Eat + Drink: Mixing It Up: Team Whiskey
Joe Raya, The Gin Joint
Sean Brock, McCrady’s/Husk
Drink & Dish:
Apple-skin Bittered Sling &
Sean’s Grandma’s Apple Stack Cake
What do you get when you put together the unquenchably curious minds of James Beard Award-winning chef Sean Brock and craft cocktail guru Joe Raya? A delicious surprise, that’s what—dessert!
Raya, a finalist in Esquire’s national “Manhattan Experience” competition, came to the table with thoughts of whiskey and perhaps some homemade apple-skin bitters, and Brock offered up his grandmother Audrey Morgan’s apple stack cake. After the chef shared some Albemarle Pippin apples of Jeffersonian heritage—“crunchy and just sweet enough,” says Brock—and Raya suggested Thomas H. Handy Rye—“a fireball of a whiskey,” he says—the two got to work.
The results? A decadent cake, lush with layers of rich apple butter and a hint of whiskey in the glaze, perfectly matched by Raya’s sling. For the drink, he combined two bitter and two sweet components with the pepper and spice of the cask-strength spirit. “Each is aggressive on its own,” says Raya, “but together, they balance each other out.”
Liquor: Thomas H. Handy Sazerac Straight Rye Whiskey
Flavor profile: Caramel and butterscotch with a spicy, dry finish
- 1 1/2 oz. Thomas H. Handy Sazerac Straight Rye Whiskey
- 1/2 oz. Faretti Biscotti Liqueur
- 1/2 oz. Ramazzotti Amaro
- 1/2 oz. apple-skin bitters
- 1/4 oz. sorghum syrup
- Wide cut of orange rind for garnish
Pour liquors, bitters, and syrup into a large glass or small pitcher filled with ice.
Stir well to chill and strain into a coupe glass.
Garnish with a wide cut of orange rind, twisting to release essence and dropping into the glass.
- 1/4 lb. soft unsalted butter (for greasing the pans)
- 4 tsp. ground ginger
- 2 tsp. allspice
- 2 tsp. cinnamon
- 9 cups self-rising flour
- 2 cups sugar
- 1½ cups canola oil, (Sean’s grandmother used shortening, but says lard would be tasty as well)
- 2 cups buttermilk
- 2 cups real sorghum, not molasses
- 6 large eggs, lightly beaten
- 9 cups apple butter (recipe follows)
- Whiskey sorghum glaze (recipe follows)
For the apple butter:
Chef's Note: “I grew up eating this on biscuits nearly every morning,” says chef Sean Brock. “The yearly ritual of making apple butter with my family is something that I will never forget, something that I will pass on to my children.” Sean’s grandmother’s recipe is written to be cooked on the stove, but, he says, apple butter is easier to make—and less likely to scorch—in a crockpot on low. You can also cook it in a 250°F oven.
- 12 cups chopped, cored, unpeeled Pippin apples, or substitute Granny Smiths
- 3/4 cup apple cider
- 1 cup sugar
- 2 tsp. ground ginger
- 1 tsp. ground cinnamon
- 1 tsp. nutmeg
- 1/2 tsp. ground cloves
For the glaze:
- 2 cups brown sugar
- 1/2 cup rye whiskey or bourbon
- 14 oz. sweetened condensed milk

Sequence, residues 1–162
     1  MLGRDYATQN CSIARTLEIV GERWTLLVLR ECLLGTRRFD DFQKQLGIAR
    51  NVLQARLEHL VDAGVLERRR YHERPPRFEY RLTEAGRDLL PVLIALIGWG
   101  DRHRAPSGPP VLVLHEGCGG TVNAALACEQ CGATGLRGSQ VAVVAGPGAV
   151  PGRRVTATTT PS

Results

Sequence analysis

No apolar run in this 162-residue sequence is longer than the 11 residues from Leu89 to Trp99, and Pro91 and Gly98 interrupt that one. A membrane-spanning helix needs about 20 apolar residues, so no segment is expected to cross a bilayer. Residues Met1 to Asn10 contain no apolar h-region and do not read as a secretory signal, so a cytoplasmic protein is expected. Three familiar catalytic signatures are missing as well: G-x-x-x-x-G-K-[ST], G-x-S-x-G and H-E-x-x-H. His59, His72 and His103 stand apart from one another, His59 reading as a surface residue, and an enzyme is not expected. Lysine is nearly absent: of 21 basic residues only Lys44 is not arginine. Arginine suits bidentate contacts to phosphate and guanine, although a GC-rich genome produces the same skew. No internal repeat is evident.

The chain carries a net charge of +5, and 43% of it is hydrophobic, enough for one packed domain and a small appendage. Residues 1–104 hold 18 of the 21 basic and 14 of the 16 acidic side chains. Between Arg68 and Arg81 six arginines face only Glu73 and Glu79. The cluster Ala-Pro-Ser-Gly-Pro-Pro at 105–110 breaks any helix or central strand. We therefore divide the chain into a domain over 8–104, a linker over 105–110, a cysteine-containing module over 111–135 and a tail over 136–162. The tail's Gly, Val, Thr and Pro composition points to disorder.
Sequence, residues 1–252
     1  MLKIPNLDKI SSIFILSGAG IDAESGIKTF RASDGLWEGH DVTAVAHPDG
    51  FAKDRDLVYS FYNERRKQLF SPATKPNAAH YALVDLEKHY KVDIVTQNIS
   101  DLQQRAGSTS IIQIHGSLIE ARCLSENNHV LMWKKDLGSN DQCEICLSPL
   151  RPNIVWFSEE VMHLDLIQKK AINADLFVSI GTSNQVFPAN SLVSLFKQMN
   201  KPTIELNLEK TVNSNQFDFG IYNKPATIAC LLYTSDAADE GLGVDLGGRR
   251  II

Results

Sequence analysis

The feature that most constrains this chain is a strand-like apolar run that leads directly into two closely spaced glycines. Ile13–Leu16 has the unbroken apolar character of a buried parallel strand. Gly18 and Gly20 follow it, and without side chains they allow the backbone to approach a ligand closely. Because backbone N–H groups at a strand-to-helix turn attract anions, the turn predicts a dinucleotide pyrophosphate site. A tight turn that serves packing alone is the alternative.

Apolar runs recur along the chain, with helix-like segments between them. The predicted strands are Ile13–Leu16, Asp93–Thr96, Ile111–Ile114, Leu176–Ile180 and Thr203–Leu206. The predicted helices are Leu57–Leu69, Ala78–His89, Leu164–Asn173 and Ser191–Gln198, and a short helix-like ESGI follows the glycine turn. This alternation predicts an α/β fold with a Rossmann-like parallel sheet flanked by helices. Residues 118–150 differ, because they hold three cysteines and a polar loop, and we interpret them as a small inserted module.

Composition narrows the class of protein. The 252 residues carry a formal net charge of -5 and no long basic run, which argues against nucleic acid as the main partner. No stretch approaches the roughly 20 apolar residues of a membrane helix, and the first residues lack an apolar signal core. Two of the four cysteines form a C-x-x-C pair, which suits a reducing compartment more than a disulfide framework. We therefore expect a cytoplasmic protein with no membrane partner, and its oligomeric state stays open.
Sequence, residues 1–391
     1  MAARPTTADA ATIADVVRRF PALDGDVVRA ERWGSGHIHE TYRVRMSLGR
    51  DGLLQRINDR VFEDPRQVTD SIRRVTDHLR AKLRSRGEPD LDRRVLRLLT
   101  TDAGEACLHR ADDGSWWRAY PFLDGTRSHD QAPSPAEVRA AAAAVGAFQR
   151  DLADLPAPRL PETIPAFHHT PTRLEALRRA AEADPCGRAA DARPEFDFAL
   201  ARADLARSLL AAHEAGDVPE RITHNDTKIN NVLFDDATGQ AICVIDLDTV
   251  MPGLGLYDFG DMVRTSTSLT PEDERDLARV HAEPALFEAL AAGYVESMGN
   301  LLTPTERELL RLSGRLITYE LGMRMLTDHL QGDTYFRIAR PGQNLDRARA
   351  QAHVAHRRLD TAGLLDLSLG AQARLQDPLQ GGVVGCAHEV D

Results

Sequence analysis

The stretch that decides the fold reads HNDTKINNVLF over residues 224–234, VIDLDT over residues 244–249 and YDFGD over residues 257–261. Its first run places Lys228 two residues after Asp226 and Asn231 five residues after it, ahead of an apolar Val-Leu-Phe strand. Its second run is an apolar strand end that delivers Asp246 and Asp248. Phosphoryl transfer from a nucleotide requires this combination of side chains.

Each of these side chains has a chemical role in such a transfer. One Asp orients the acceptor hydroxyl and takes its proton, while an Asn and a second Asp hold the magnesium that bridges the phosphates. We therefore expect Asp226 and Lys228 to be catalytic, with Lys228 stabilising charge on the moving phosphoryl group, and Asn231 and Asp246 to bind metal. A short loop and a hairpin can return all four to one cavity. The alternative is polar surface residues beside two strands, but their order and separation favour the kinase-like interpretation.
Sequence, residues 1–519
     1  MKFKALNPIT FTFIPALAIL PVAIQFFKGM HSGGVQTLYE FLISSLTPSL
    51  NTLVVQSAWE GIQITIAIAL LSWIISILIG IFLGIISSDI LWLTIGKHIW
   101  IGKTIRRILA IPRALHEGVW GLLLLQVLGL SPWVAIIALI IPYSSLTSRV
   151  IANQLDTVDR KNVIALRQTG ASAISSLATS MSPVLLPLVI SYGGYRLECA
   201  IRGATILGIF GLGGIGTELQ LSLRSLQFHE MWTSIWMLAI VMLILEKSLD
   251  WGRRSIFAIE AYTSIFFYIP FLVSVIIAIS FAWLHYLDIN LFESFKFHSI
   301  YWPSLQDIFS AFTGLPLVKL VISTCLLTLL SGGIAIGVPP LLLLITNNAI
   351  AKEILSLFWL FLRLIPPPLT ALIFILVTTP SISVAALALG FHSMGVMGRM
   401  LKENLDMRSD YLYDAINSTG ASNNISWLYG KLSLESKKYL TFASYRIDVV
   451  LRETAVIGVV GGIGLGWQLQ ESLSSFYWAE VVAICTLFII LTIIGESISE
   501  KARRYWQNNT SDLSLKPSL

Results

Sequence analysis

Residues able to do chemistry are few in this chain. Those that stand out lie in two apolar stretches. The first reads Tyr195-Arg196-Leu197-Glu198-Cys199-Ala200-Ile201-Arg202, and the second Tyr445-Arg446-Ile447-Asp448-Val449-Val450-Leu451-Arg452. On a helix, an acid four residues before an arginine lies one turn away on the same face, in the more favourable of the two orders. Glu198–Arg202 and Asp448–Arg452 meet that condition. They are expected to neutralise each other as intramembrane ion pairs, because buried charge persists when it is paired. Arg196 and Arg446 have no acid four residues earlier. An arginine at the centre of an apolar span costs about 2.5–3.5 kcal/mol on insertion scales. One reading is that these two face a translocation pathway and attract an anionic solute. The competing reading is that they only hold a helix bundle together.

- 1/4 lb. unsalted butter, diced
- 1/2 cup whole milk
- 1 tsp. pure vanilla extract
Preheat oven to 350°F
For this recipe, you will need to make six cake layers, each of which will be divided in half. This is easiest to do if you have six (10-inch) springform pans. Cut six circles of parchment paper the size of the bottom of a 10-inch springform pan.
Prepare the six pans by greasing the bottom and sides with butter. Lay a parchment circle in the bottom and grease it with butter.
Sift the spices, flour, and sugar into a large mixing bowl and combine well. In a separate large bowl, gently whisk the oil, buttermilk, and sorghum into the eggs. You do not want to make a lot of froth. Slowly stir the wet mixture into the dry mixture. Pour 1/2-inch of batter into each of the six greased pans. Bake for 10 minutes, until a toothpick comes out dry. Remove from oven and allow to cool in the pans on wire racks for one hour.
Unlock the springform pans and remove cake layers from the pans. Using a long, serrated knife, carefully cut each layer into two. For the first layer, place a piece of the cut cake cut-side up on a cake plate. Evenly spread on six ounces of apple butter. For the second layer, place the cut cake on top of the apple butter cut-side down. Evenly spread six ounces of apple butter on top of it. Continue the process with the remaining slices of cake. The last layer should be cut-side down but not have apple butter spread on it.
Carefully pour the glaze over the top of the cake and allow it to pour over the sides. Using a cake spatula, spread the glaze evenly over the outside of the cake. Place in a cake keeper or cake box and let the cake set out overnight before cutting. Covered in a cake keeper or cake box, the cake will keep for up to three days at room temperature and five days in the refrigerator.
For the apple butter:
Combine the apples and cider in a nonreactive heavy-bottomed three-quart pot.
Cover and cook on low heat, stirring occasionally, until the apples are soft, about eight hours.
Remove apples and purée in food sieve or mill.
Return the puréed apples to the pot and add the sugar and spices.
Cover and cook on low heat, stirring frequently to prevent scorching until it is very thick, approximately one to two hours. You want it to be a spread with no excess moisture.
Cool the apple butter, place in a container, cover, and refrigerate.
Tightly covered, the apple butter will keep for several weeks in refrigerator or it may be frozen for up to three months.
For the glaze:
Combine the sugar, whiskey, and condensed milk in a medium saucepan over medium heat and cook the mixture, stirring constantly, until the sugar dissolves, about seven minutes.
Remove the saucepan from the heat and stir in the butter.
When it is incorporated, stir in the milk and the vanilla extract.
Cool on the counter top for seven minutes before glazing.